Every city contains up to 32 percent of unused landscape in the form of roofspace. Currently, there is a global experiment underway which hopes to utilise the roofspace to create biodiverse spaces that can solve city problems naturally. Simon Todd sums up key findings from last week's Living Roofs for Sustainable Communities presentation in Auckland, which featured talks by Candian Nobel Peace Prize winner Dr. Brad Bass.
Asphalt black, tin-roof green, hinterland grey. These are colours of the hardscaped city—the overheated colourscape for where we live work and play. Try as I might to keep lush Waitakere green and deep Waitemata blue hues in mind, Auckland is no different from any other city. It heats up and becomes unbearable, it washes its storm water away quick as a flash. It keeps biodiversity knocking at its suburban doors.
It doesn’t have to be this way, of course. It can harness sunshine, rain water, flora and fauna to cool it, refresh it, clean it—to break up the hardscape pallet.
In last week’s Living Roofs for Sustainable Communities presentation in Auckland, Unitec Institute of Technology’s Renee Davis and Candian Nobel Peace Prize winner Dr. Brad Bass shared their research, inspiration and where-to-from-heres, in a bid to offer solutions for city woes via the wonders of living roofs.
Every city contains up to 32 percent of unused landscape in the form of roofspace. Currently, there is a global experiment uderway which hopes to utilise the roofspace to create biodiverse spaces that can solve city problems naturally—from intercepting rain and curbing stormwater polluted beaches, to cooling the air above cities and reducing heat-related mortality.
Germany and Europe are leading the living roof way, helped by established legal frameworks, financial incentives and building legislation for future living roofing. New Zealand is a green shoot in the global living roofs project, but hampered by lack of local knowledge and suppliers, suspicion of benefits and high cost with perceived risks.
For now, we are indebted to Renee Davis and her team, who have created New Zealand’s only extensive indigenous roof on a commercial building, in Waitakere city. The long-term aim is to “provide a viable urban opportunity to establish a network of islands in the sky, vital areas of native biodiversity and protective areas for rare and endangered flora and fauna—embedding the New Zealand island conservation tradition into our urban landscapes.”
The trial and error approach of Davis and her team is contributing to the global network of experimentation, and it is a very important part of the global process. The New Zealand project is in its early stages and further reading on can be found here.
Toronto is a beacon for Living Roofs in North America. Here, new mapping techniques are pinpointing industrial areas that could be green-roofed in order to maximise biodiversity, and all new commercial buildings must have a percentage of green-roof capabilities. During his presentation, Dr. Bass, of the Centre of Environment at the University of Toronto, sights the three Ss when asked what makes a successful living roof. They stand for ‘substrate’, ‘structure’ and ‘spiders’.
Arachnids like damp spaces, which leads him onto the surprising conflict between living-roofers and solar panel advocates. Yes, there is an environmental battle on our cities elevated horizontal spaces. Apparently, the guys trying to clad roofs in solar panels despise the living roof makers. No space for both they say. Not so, says Bass, bringing it back to the shadows and damp spots created by solar panels which can be integrated into living roofs, indeed creating spaces for them to web and flourish.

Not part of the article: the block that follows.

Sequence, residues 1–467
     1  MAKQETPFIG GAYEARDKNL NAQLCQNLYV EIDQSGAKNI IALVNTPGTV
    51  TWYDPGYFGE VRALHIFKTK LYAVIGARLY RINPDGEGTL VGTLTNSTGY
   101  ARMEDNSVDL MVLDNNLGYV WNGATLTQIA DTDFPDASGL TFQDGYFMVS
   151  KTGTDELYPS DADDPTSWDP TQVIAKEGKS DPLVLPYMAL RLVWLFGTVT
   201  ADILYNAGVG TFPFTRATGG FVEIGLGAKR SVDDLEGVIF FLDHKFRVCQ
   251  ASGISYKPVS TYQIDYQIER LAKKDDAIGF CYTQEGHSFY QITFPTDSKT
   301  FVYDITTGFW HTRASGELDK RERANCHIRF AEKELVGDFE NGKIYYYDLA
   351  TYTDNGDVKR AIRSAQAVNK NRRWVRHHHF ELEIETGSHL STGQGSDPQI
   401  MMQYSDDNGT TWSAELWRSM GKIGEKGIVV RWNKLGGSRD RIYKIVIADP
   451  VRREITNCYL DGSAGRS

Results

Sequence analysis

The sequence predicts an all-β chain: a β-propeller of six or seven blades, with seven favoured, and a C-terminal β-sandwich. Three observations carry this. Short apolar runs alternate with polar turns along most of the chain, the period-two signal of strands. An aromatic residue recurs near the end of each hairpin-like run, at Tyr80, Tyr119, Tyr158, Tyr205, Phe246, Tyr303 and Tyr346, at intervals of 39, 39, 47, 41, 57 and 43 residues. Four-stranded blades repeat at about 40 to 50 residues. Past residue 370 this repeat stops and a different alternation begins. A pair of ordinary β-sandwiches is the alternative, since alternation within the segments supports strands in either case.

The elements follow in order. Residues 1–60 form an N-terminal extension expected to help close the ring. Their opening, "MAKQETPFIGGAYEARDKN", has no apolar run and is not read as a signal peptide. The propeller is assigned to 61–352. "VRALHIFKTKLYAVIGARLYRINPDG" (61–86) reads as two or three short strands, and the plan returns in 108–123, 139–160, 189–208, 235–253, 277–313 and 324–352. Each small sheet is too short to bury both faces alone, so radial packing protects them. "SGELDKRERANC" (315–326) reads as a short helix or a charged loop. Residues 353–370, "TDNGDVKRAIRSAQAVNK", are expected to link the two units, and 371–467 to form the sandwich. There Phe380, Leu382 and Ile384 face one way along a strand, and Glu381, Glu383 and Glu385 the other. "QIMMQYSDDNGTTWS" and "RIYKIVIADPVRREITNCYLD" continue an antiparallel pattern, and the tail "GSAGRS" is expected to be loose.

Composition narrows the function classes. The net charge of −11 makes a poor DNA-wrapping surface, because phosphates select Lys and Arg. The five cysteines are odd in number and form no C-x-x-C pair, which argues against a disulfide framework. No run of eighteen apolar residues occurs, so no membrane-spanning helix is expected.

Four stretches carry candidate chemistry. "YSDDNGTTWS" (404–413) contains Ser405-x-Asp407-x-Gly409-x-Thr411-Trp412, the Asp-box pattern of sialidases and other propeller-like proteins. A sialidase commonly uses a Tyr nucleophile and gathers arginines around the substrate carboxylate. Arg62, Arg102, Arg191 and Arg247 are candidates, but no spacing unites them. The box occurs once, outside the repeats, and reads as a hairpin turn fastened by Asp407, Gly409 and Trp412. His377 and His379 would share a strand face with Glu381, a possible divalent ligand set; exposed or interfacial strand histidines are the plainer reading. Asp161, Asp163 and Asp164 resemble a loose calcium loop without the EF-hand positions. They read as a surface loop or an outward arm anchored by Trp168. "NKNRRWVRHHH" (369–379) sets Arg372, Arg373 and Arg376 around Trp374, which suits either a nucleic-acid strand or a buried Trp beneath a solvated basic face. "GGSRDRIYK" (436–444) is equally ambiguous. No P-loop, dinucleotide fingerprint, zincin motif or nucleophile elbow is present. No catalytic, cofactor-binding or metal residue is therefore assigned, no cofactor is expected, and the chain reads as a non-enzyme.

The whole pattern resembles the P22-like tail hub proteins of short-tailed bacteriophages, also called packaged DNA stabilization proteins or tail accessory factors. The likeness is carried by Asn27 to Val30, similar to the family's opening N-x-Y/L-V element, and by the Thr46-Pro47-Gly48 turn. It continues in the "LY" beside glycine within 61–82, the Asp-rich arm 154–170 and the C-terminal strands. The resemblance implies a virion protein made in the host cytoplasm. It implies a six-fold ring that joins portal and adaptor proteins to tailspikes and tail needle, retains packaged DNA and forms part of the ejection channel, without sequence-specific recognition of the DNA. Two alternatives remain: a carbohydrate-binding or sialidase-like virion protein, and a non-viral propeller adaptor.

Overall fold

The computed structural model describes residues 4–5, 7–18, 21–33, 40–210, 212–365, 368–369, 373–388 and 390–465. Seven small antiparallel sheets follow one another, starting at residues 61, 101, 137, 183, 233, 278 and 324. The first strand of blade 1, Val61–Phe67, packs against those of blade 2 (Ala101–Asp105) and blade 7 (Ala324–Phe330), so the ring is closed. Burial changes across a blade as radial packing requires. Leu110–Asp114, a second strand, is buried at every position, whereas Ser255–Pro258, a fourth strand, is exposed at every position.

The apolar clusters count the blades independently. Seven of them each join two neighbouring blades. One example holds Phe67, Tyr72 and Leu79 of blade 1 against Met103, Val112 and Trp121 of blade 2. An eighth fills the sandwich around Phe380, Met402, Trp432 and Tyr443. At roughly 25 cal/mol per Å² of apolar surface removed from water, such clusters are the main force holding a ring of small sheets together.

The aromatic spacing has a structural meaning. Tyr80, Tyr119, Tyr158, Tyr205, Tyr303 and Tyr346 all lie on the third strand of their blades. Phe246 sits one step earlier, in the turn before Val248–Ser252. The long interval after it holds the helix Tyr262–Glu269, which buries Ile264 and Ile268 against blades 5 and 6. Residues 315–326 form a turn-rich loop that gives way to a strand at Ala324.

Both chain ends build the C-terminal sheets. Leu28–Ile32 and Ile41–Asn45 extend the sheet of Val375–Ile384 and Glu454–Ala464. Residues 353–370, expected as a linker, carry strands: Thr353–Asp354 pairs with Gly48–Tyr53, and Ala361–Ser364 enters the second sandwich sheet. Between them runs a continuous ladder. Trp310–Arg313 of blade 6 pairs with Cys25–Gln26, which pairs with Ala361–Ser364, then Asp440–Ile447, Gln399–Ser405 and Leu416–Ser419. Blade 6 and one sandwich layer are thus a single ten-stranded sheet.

Bass’ findings indicate that there are high amounts of spontaneous colonisation on living roofs. Species will find their way onto the roof via the wind or birds. Invasive plants will not stick around. Clover should be encouraged to increase honey bee populations. Living roofs resemble fields, not—as perhaps the public might have in their eye—the forest. We are not talking trees, fruit and big vegetation here. And neither are the roofs just for biodiversity—they provide easy camouflage for unsightly air-conditioning units, and other ugly roof-top paraphernalia.
As for the future, while DIY kits for Joe Public are available, Bass admits the private business sector needs to be convinced of the for their commercial outlets before living roofs become more than pockets of experiment. A trial living roof at a Walmart store in the States resulted in a decrease in the temperature of a normal Walmart roof, with less aggressive fluctuation in temperatures. This could be harnessed via a membrane beneath the living roof’s substrate, to control air conditioning and subsequently reduce heating bills.
Other projects on the cards include integrated bio-filters to utilise the water captured by living roofs and at the Adlershof Research Centre, a “facade greening system” is used to cool the building down.
Bass is also monitoring living walls, where nitrate created by goldfish feed mosses. These absorb the obnoxious chemicals emitted by office furniture and PCS. Having done its dash, the moss dies and falls into the fish tank, gobbled up by the fish, all the while beautifying the wall and making people smile.
A recording of the Living Roofs for Sustainable Communities presentation will be available on the Living Roofs website next week.
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